Ginsburg arrived at her hearing with a moderate track record as an appeals court judge in Washington. She was helped by President Bill Clinton’s description of her as the Thurgood Marshall of the women’s movement. That analogy, and the chance to add another woman to the one-woman Supreme Court, made it hard for senators to oppose her.
Though other nominees previously had declined to state their positions on hot-button issues, Ginsburg turned the non-answer into an art form. When asked whether she thought the death penalty was unconstitutional, Ginsburg said, “If you want me to take a pledge, that is one thing you must not ask a judge to do.” Her avoidance of substantive answers has been dubbed the “Ginsburg Rule,” adopted by nominees ever since—including, most likely, Neil Gorsuch.
Stephen Breyer’s Lloyd’s connection
Stephen Breyer, an administrative law scholar, was a known quantity to a number of senators when he faced the Senate Judiciary Committee in 1994 after his nomination to the high court by President Bill Clinton. He had served as a special counsel and later chief counsel to the Senate Judiciary Committee where he worked closely with Sen. Edward Kennedy on airline deregulation.
The only bump in his confirmation hearing came with questions about his ill-fated investment in Lloyd’s of London—heavily liable for costs in the United States for asbestos and other pollution cleanup—and whether it created potential conflicts for him as a justice.
Then-Sen. Howard Metzenbaum pressed Breyer several times on his potential liability. “If worst came to worst, luckily because I’m in a very fortunate economic situation, about 20 percent to 25 percent of our family assets would have been lost,” Breyer said. “That would have been an awful lot of money…it depended on the year. We’re talking about several hundred thousand dollars.” Breyer easily won confirmation, 87-9.
John Roberts Jr. the ‘umpire’
In his opening statement before the Senate Judiciary Committee in September 2005, chief justice nominee John Roberts Jr. offered perhaps a memorable description of the role of a judge.
“Judges are like umpires. Umpires don’t make the rules; they apply them,” he said. “It’s my job to call balls and strikes and not to pitch or bat.” More than 1,000 law review articles and 100 court decisions since then have invoked—and many of them criticized—Robert’s formulation.
At his four-day hearing, the statement helped cement Roberts’s image as a non-ideological jurist who was ready to step into the middle chair without steering the court too hard to the right. “I do not have an overarching judicial philosophy that I bring to each case,” he said. And he embraced stare decisis when he said court decisions that overturn precedents are “a jolt to the system.” He was confirmed by a 78-22 vote.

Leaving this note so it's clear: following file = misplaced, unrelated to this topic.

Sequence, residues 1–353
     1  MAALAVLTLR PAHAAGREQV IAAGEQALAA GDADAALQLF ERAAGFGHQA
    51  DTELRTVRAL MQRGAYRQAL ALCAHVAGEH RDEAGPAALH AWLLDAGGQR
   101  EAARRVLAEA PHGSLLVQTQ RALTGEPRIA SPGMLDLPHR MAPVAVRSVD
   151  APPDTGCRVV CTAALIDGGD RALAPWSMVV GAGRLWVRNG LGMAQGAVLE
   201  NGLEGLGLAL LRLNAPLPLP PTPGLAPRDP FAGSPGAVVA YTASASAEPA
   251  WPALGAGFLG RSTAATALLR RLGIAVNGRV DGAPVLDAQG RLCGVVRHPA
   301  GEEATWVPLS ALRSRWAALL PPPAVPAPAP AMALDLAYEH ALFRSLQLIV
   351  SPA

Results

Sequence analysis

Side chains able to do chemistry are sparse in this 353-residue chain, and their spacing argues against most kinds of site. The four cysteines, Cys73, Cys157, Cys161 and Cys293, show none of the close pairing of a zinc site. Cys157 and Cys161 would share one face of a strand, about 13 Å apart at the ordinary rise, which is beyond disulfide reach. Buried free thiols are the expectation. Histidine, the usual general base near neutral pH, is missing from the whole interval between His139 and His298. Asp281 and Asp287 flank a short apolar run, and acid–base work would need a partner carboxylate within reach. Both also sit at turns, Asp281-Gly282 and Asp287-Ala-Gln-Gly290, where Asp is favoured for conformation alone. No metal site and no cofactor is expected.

Samuel Alito Jr. is ‘not any kind of bigot’
Alito lacked the pleasant, easy-going demeanor and quick-wit of the nominee just before him—John Roberts Jr. More important, however, was the fact Alito would replace the then-swing vote, Justice Sandra Day O’Connor. That guaranteed close examination of the Alito nomination.
There was no question that Alito was conservative. The debate focused on just how conservative—particularly on abortion and other civil rights issues.
The tensest moments involved questions about Alito’s membership in a conservative Princeton alumni group that reportedly opposed the admission of women and minorities.
Alito had listed his membership when applying for a job in the Reagan Justice Department, although he testified he had no recollection of being in the organization. A sympathetic Sen. Lindsey Graham, R-South Carolina, trying to settle whether Alito was biased against women and minorities, asked, “Are you a bigot?” Alito answered, “I’m not any kind of bigot.”
At that moment, Alito’s wife, sitting behind the nominee, began to cry and left the hearing room. Alito was confirmed 58-42.
Sonia Sotomayor, a ‘wise Latina’
Even though she would become the first Hispanic justice in the Supreme Court’s history, nominee Sonia Sotomayor faced several obstacles at her 2009 Senate confirmation hearing.
Sotomayor had a reputation as a gruff appeals court judge from New York, and had to live down a widely circulated statement she had made before students in 2001. “I would hope that a wise Latina woman with the richness of her experiences would, more often than not, reach a better conclusion than a white male who hasn’t lived that life.”
Republican senators hit her with questions about the statement throughout her four-day hearing. They suggested her statement indicated she would make decisions based on her background and ethnicity. She tried to explain what she meant, but also described it as “a rhetorical flourish that fell flat” and insisted that no racial, gender or ethnic group had an “advantage in sound judging.” The Senate confirmed her, 68-31.
Elena Kagan’s Christmas Day meal
To the extent any judicial nominee can ever enjoy the gauntlet of Senate Judiciary confirmation hearings, then-Solicitor General Elena Kagan appeared to do just that. Kagan faced few obstacles to confirmation.
Sen. Lindsey Graham, R-S.C., preparing to quiz her about the Christmas Day shoe bomber, asked where she was on Christmas Day. “You know, like all Jews, I was probably at a Chinese restaurant,” she replied as laughter erupted in the hearing room. “Great answer,” Graham said.
Kagan left then-Sen. Jeff Sessions, R-Alabama, dissatisfied with her response his accusation that as Harvard Law dean, she defied federal law by barring recruiters from the school’s career services office.
“All that I was trying to do was to ensure that Harvard Law School could also comply with its anti-discrimination policy, a policy that was meant to protect all the students of our campus, including the gay and lesbian students who might very much want to serve in the military,” Kagan said. She was confirmed 63-37, largely along party lines.